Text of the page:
On 19 February 2021, Pfizer announced its vaccine produced around 66% fewer antibodies than normal when combating the 501.V2 variant, but was still successful in neutralizing the virus.
|First detection||Pango ||Other names||Notable mutations||Evidence of clinical changes[note 1]||Spread||Ref.|
|United Kingdom||Sep 2020||B.1.1.7||VOC-202012/01, 20I/501Y.V1||N501Y, 69–70del, P681H||Increased ~50% (NERVTAG)||Potentially 30% more lethal (NERVTAG)||Indications of ostensible reduced antigenic activity (ECDC)||Global|||
|Denmark||Oct 2020||—||Cluster 5, ΔFVI-spike (SSI)||Y453F, 69–70deltaHV||—||—||Moderately decreased sensitivity to neutralising antibodies (WHO)||Likely extinct|||
|South Africa||Dec 2020||B.1.351||501.V2, 20H/501Y.V2, |
|N501Y, K417N, E484K||Increased 50% (ECDC)||—||21% reduction in antigenicity, but effective neutralisation (ECDC)||Global|||
| Japan |
|Jan 2021||P.1||Descendant of B.1.1.28, VOC-202101/02||N501Y, E484K||Likely increased (CDC)||—||Overall reduction in effective neutralisation (ECDC)||Global|||
- "—" denotes that no reliable sources could be found to cite.
- Explanatory notes
- In another source, GISAID name a set of 7 clades without the O clade but including a GV clade.
- According to the WHO, "[l]ineages or clades can be defined based on viruses that share a phylogenetically determined common ancestor".
- As of January 2021[update], at least one of the following criteria must be met in order to count as a clade in the Nextstrain system (quote from source):
- A clade reaches >20% global frequency for 2 or more months
- A clade reaches >30% regional frequency for 2 or more months
- A VOC (‘variant of concern’) is recognized (applies currently [6 January 2021] to 501Y.V1 and 501Y.V2)
- Zhukova, Anna; Blassel, Luc; Lemoine, Frédéric; Morel, Marie; Voznica, Jakub; Gascuel, Olivier (24 November 2020). "Origin, evolution and global spread of SARS-CoV-2". Comptes Rendus Biologies: 1–20. doi:10.5802/crbiol.29. PMID 33274614.
- This table is an adaptation and expansion of Alm et al., figure 1.
- Bedford, Trevor; Hodcroft, Emma B; Neher, Richard A (6 January 2021). "Updated Nextstrain SARS-CoV-2 clade naming strategy". nextstrain.org/blog. Retrieved 19 January 2021.
- Zhang, Wenjuan; Davis, Brian D.; Chen, Stephanie S.; Martinez, Jorge M Sincuir; Plummer, Jasmine T.; Vail, Eric (2021). "Emergence of a novel SARS-CoV-2 strain in Southern California, USA". doi:10.1101/2021.01.18.21249786. S2CID 231646931. Cite journal requires
- PANGO lineages-Lineage B.1.1.28 cov-lineages.org, accessed 4 February 2021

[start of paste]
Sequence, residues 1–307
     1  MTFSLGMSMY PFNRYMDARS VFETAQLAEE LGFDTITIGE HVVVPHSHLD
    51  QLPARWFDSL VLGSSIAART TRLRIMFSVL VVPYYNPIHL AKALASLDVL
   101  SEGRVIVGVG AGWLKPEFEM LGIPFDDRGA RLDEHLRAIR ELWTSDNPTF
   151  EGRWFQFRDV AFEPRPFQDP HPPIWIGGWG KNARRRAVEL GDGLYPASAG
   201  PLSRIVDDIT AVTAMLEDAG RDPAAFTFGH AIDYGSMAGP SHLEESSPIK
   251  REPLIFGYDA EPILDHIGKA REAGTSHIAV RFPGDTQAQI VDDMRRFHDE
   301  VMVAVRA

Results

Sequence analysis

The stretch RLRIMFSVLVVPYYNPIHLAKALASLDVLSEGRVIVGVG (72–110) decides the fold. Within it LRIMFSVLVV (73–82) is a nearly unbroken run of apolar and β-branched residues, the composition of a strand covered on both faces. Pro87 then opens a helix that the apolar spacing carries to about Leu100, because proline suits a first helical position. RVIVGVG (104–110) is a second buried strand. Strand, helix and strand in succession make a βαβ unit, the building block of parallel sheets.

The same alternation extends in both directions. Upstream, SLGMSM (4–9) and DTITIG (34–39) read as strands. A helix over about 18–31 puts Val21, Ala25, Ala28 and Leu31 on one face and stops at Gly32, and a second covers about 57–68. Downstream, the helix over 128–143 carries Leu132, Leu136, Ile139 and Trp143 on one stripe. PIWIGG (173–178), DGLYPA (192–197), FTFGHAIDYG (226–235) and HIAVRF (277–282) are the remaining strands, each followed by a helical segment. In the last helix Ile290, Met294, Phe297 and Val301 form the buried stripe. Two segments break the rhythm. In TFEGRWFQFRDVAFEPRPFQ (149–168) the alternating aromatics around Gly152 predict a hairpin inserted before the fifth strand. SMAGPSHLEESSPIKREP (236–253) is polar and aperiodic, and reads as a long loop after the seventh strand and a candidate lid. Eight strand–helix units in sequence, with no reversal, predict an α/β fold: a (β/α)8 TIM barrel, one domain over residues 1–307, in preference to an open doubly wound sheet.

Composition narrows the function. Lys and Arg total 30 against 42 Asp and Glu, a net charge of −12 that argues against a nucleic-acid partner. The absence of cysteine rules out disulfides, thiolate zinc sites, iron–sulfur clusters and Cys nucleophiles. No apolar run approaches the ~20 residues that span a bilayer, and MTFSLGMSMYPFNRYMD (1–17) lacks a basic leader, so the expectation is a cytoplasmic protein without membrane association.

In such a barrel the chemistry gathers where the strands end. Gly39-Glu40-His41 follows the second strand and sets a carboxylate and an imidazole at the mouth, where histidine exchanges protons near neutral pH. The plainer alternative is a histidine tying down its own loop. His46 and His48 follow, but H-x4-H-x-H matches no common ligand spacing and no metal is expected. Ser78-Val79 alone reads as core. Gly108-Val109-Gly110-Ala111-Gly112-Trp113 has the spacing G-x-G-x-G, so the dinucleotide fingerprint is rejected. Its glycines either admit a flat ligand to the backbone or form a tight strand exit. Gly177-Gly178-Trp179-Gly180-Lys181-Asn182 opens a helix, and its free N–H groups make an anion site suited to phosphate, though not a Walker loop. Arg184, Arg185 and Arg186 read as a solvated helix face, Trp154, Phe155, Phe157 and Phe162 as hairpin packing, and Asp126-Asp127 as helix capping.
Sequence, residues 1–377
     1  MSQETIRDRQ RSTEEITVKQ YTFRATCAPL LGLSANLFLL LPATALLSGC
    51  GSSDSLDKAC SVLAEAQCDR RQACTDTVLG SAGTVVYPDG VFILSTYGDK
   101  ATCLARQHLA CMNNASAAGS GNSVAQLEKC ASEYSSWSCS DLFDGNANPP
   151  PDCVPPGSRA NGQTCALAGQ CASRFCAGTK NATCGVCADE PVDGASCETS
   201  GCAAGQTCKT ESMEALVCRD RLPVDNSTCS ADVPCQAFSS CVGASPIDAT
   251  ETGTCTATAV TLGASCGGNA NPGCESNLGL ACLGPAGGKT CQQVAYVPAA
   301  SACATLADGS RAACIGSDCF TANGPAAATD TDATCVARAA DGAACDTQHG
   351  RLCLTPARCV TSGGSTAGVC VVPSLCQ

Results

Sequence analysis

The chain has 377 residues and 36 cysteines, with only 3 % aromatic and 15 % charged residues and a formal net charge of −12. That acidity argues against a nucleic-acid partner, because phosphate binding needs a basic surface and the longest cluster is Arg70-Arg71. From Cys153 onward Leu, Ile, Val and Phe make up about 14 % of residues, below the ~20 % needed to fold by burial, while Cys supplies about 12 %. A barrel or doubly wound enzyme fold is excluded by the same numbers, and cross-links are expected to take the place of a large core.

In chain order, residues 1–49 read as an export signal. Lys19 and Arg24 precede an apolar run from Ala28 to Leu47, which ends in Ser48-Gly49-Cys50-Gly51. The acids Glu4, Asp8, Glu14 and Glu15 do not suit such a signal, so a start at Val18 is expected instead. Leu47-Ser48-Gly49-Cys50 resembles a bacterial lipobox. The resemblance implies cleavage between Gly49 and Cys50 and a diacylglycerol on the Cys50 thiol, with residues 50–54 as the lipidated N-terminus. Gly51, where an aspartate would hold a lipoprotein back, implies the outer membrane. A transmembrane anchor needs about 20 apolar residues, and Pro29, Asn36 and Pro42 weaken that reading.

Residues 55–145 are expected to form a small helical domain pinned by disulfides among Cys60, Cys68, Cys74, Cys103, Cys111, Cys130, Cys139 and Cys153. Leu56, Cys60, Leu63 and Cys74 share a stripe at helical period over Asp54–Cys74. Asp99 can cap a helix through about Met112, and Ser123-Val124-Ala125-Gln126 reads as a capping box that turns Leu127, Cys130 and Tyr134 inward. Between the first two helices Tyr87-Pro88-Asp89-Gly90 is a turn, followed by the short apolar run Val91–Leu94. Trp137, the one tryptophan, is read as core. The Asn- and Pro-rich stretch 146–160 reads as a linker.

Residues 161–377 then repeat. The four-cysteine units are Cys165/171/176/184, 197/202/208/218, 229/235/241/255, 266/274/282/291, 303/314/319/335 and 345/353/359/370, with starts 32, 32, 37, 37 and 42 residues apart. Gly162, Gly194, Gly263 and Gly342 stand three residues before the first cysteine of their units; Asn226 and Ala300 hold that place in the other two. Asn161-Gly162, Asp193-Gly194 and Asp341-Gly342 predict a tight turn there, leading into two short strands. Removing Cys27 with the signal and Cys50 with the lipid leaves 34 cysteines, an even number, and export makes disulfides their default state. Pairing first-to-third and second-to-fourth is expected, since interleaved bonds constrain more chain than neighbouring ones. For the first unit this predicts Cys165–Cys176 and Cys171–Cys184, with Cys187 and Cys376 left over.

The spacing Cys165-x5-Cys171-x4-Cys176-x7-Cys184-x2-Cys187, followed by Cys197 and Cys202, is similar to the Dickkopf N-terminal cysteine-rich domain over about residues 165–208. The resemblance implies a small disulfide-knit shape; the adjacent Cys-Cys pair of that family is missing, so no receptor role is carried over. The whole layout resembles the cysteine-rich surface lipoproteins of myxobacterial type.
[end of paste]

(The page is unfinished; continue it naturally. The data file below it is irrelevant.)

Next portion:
- "clade tree (from 'Clade and lineage nomenclature')". www.gisaid.org. 4 July 2020. Retrieved 7 January 2021.
- WHO Headquarters (8 January 2021). "3.6 Considerations for virus naming and nomenclature". SARS-CoV-2 genomic sequencing for public health goals: Interim guidance, 8 January 2021. World Health Organization. p. 6. Retrieved 2 February 2021.
- "Don't call it the 'British variant.' Use the correct name: B.1.1.7". STAT. 9 February 2021. Retrieved 12 February 2021.
- Flanagan, Ryan (2 February 2021). "Why the WHO won't call it the 'U.K. variant', and you shouldn't either". Coronavirus. Retrieved 12 February 2021.
- For a list of sources using names referring to the country in which the variants were first identified, see, for example, Talk:South African COVID variant and Talk:U.K. Coronavirus variant.
- World Health Organization (15 January 2021). "Statement on the sixth meeting of the International Health Regulations (2005) Emergency Committee regarding the coronavirus disease (COVID-19) pandemic". Retrieved 18 January 2021.
- Koyama, Takahiko; Platt, Daniel; Parida, Laxmi (June 2020). "Variant analysis of SARS-CoV-2 genomes". Bulletin of the World Health Organization. 98 (7): 495–504. doi:10.2471/BLT.20.253591. PMC 7375210. PMID 32742035.
We detected in total 65776 variants with 5775 distinct variants.
- Alm, E.; Broberg, E. K.; Connor, T.; Hodcroft, E. B.; Komissarov, A. B.; Maurer-Stroh, S.; Melidou, A.; Neher, R. A.; O’Toole, Áine; Pereyaslov, D.; The WHO European Region sequencing laboratories and GISAID EpiCoV group; et al. (2020). "Geographical and temporal distribution of SARS-CoV-2 clades in the WHO European Region, January to June 2020". Euro Surveillance. 25 (32). doi:10.2807/1560-7917.ES.2020.25.32.2001410. PMC 7427299. PMID 32794443.
- "Global phylogeny, updated by Nextstrain". GISAID. 18 January 2021. Retrieved 19 January 2021.
- Hadfield, J.; Megill, C; Bell, S.M.; Huddleston, J.; Potter, B.; Callender, C. (May 2018). "Nextstrain: real-time tracking of pathogen evolution". Bioinformatics. 34 (23): 4121–4123. doi:10.1093/bioinformatics/bty407. PMC 6247931. PMID 29790939.CS1 maint: multiple names: authors list (link)
Preprint: ——— (November 2017). "Nextstrain: real-time tracking of pathogen evolution". doi:10.1101/224048. S2CID 196637131 – via bioRxiv. Cite journal requires
|journal=(help)CS1 maint: numeric names: authors list (link)
- "Nextclade" (What are the clades?). clades.nextstrain.org. Archived from the original on 19 January 2021. Retrieved 19 January 2021.
- "cov-lineages/pangolin: Software package for assigning SARS-CoV-2 genome sequences to global lineages". Github. Retrieved 2 January 2021.